After facing headwinds in the public market, Dr. Jon Cohen inherits a number of challenges as the new CEO of Talkspace Inc. (Nasdaq: TALK).
But coming in, his plan to navigate the choppy waters is to stay the course set by Chairman Doug Braunstein when he was interim CEO — drive revenue growth by growing the B2B division and stem the tide of business expenses.
Talkspace searched for a new CEO for a week before a year. The board terminated co-founder and CEO Oren Frank and Roni Frank, co-founder and chief clinical officer, without cause, effective Nov. 15, 2021, according to an annual shareholder disclosure.
The company announced Franks’ exit just ahead of third quarter 2021 results. A year later, Talkspace announced Cohen’s appointment just ahead of third quarter 2022 results.
Cohen was already associated with Talkspace before his appointment as CEO on November 8. He was elected to the board of directors in September.
Prior to joining the board, he stepped down as CEO and executive chairman of BioReference in August. BioReference is one of the nation’s largest full-service laboratories and is a division of international biopharmaceutical and diagnostics company OPKO Health Inc. (Nasdaq: OPK).
Just 10 days after his appointment as CEO, the Nasdaq Stock Market notified Talkspace that he faced delisting for failing to maintain the minimum market share price of $1.
Talkspace said in a public filing that these are entertaining available options. He specifically highlighted a stock split. He added that this would require shareholder approval at a special meeting. It held its annual meeting on September 15.
This problem could be solved by being acquired by Amwell, officially known as American Well Corp. (NYSE: AMWL) for $239 million, according to market chatter.
Behavioral Health Business interviewed Cohen before the Nasdaq sent Talkspace a notice and news of a potential deal with Amwell broke. The following questions and answers will not include these topics. It has also been edited for length, clarity and style:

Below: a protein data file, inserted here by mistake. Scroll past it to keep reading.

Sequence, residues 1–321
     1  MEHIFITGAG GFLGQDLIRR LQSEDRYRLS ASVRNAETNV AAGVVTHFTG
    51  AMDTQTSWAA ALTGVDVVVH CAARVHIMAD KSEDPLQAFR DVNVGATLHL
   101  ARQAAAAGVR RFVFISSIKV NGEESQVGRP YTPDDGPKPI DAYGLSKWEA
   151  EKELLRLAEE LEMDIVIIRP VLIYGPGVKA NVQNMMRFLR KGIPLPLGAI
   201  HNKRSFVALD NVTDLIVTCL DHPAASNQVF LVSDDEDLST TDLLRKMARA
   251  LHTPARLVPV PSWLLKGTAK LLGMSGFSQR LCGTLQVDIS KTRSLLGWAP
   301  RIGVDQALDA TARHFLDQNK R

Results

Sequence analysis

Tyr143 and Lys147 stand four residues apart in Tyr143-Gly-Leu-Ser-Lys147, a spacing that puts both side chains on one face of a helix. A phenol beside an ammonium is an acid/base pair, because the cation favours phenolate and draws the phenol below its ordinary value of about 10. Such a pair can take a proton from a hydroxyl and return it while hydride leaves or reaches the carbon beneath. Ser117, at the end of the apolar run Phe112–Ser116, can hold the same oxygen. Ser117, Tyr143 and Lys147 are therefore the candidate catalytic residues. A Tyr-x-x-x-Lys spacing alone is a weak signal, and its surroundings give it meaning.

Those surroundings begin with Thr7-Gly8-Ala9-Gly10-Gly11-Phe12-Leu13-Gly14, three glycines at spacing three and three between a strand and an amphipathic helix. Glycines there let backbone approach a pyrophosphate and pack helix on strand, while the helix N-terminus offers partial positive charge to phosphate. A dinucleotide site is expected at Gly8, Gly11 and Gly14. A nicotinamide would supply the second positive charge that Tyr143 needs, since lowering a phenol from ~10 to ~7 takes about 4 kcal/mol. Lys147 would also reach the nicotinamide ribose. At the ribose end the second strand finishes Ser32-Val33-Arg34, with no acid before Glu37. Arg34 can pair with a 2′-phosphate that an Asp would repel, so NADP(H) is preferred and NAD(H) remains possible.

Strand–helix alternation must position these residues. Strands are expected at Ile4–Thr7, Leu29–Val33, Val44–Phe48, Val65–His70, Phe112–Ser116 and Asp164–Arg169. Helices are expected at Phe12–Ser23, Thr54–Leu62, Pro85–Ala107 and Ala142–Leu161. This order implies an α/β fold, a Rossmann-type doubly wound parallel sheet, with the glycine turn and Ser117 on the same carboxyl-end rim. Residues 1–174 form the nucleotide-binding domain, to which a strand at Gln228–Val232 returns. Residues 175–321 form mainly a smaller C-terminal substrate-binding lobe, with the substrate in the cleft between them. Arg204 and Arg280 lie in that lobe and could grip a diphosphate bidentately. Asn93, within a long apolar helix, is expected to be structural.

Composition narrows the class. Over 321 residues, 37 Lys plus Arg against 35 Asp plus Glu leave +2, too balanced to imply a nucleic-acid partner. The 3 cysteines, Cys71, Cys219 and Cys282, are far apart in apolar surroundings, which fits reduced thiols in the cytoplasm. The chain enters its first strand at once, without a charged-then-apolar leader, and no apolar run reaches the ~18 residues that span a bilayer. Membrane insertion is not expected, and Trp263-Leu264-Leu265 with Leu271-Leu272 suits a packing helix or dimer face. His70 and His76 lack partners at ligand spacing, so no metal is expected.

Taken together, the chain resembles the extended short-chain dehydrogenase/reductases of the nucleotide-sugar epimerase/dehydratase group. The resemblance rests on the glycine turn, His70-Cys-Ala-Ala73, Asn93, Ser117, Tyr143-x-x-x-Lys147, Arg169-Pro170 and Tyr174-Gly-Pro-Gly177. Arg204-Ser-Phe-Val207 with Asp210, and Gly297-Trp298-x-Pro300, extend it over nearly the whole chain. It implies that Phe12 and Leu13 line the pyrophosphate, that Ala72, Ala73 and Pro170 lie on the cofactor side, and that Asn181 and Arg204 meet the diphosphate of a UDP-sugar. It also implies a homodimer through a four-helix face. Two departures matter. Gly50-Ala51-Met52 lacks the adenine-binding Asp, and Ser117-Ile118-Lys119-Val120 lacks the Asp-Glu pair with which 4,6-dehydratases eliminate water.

BHB: How did you become a board member?
Cohen: I knew the president [Doug Braunstein]. And in my experience at BioReference, I had built a very large digital health solution called Scarlet Health, which is a digital home [blood] draw a solution with 80 million lives covered. So we knew each other and after multiple discussions he asked me if I was interested in joining the Talkspace board.
Why did you become a board member?
I got very interested in, first, mHealth and then digital health over the past 10+ years.
I thought the mental health space, which obviously has a huge need, is growing rapidly. If you put that on top of the acceleration of telehealth post-COVID, I just thought this was – given the 10-year history of Talkspace and its brand – a really exciting opportunity to get involved in something thing that was the future.
Have you sought the role of CEO or have you been invited to participate in the search process?
It was just really a discussion they had. Doug had been interim CEO for almost a year. He and the team have done an enormous amount of work over the past 12 months to get him to where he is now, today. At that time, the board was just beginning to make a decision on what to do about the CEO. They had, quite honestly, delayed making a decision. I would call it fortuitous. I had left BioReference in August. I was pretty unsure of what I was going to do next. I had a really great run there through COVID. And I really wasn’t sure. He just came up with a chat about whether or not I would be interested. And that’s how it started.